Trump is expected to arrive around 6 p.m. The NYMA visit isn’t a rally. Trump is expected to land, say a quick hello and then head to Poughkeepsie where he is reportedly set to take the stage around 7 p.m.

Donald Trump’s NYMA stop is said to be a private, invitation-only event, according to Cornwall Police Chief Todd Hazard.

“It’s a brief stop, not a rally,” said Orange County Republican Chairwoman Courtney Greene.

“I’m excited to have presidential candidate Donald Trump stop in Orange County,” Greene said. “It’s an exciting year for the country, and we’re so happy to have New York State be a big part of this election.”

NYMA is Trump’s alma mater. He graduated in 1964, and received an Alumni of Distinction award from the school in 1998. NYMA is located at 78 Academy Ave.

Trump has a “nostalgic feeling” for the area, as well as local ties, Cornwall Republican Chairwoman Jeanne LaBarge said.

“It’s magnificent that he wants to stop by and say ‘hello,'” LaBarge said. “It’s a nice gesture. He definitely feels some connection to this area.”

The New York presidential primary will be held on Tuesday, April 19. Voters must be registered as either a Democrat or Republican in order to vote in their respective party (e.g., registered Democrats can only vote in the Democratic primary). The polls are open from 6 a.m. to 9 p.m.

Pair Of Decisions Create Divide In Cornwall

By Mark Gerlach

TOWN OF CORNWALL – Two elected officials speculate that a pair of recent decisions passed by the town board are the result of political retaliation on behalf of Supervisor Richard Randazzo; a claim Randazzo, a Democrat, denies.

The town board recently decided to reduce the number of hours for its record clerk Debra Riley, a part-time employee, from about 1,040 hours to 520 annually. The board also removed Maryanne O’Dell, receiver of taxes and town historian, from the post of liaison with the Sands Ring Homestead Museum.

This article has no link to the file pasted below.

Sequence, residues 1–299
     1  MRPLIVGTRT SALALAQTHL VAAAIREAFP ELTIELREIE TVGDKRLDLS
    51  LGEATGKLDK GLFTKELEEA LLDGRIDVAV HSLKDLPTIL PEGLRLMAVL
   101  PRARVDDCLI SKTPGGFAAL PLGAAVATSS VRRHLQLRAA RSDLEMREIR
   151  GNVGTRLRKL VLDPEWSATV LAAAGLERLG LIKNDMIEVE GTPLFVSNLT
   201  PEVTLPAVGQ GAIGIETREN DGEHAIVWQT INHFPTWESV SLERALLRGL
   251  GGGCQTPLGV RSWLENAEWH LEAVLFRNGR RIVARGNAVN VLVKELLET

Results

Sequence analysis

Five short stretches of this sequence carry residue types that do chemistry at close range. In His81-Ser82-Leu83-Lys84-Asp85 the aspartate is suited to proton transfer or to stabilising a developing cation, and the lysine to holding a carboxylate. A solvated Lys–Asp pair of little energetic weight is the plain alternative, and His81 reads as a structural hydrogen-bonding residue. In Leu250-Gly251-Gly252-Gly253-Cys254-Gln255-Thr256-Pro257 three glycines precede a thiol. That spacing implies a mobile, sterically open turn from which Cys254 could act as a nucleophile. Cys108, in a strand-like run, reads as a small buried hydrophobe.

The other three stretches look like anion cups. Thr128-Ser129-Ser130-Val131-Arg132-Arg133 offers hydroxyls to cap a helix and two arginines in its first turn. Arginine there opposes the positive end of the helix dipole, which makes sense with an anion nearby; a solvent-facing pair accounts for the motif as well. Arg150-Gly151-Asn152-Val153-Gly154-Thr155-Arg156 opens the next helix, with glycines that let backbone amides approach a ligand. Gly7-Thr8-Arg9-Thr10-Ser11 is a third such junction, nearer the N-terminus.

O’Dell, and Town Clerk Renata McGee, object to the decisions and believe they may have been proposed because both women supported Randazzo’s opponent in the November election, Republican Randy Clark. O’Dell and McGee are also Republicans.

Randazzo, however, said the decisions are based solely on saving taxpayer dollars.

“We shouldn’t be spending taxpayers money on jobs, or positions, that aren’t necessary to get the job done,” Randazzo said.

The records clerk position is sometimes funded partially through a grant. No grant was obtained for the job in 2016. The records clerk also works as a backup for other town offices. Riley, who’s salary is set at $14.21 per hour, left an interior design job to work for the town, McGee said. The decision may reflect negatively on McGee if the town clerk’s office isn’t able to handle requests in a timely manner, she said.

For the complete story see the Friday, Jan. 15 edition of The Sentinel.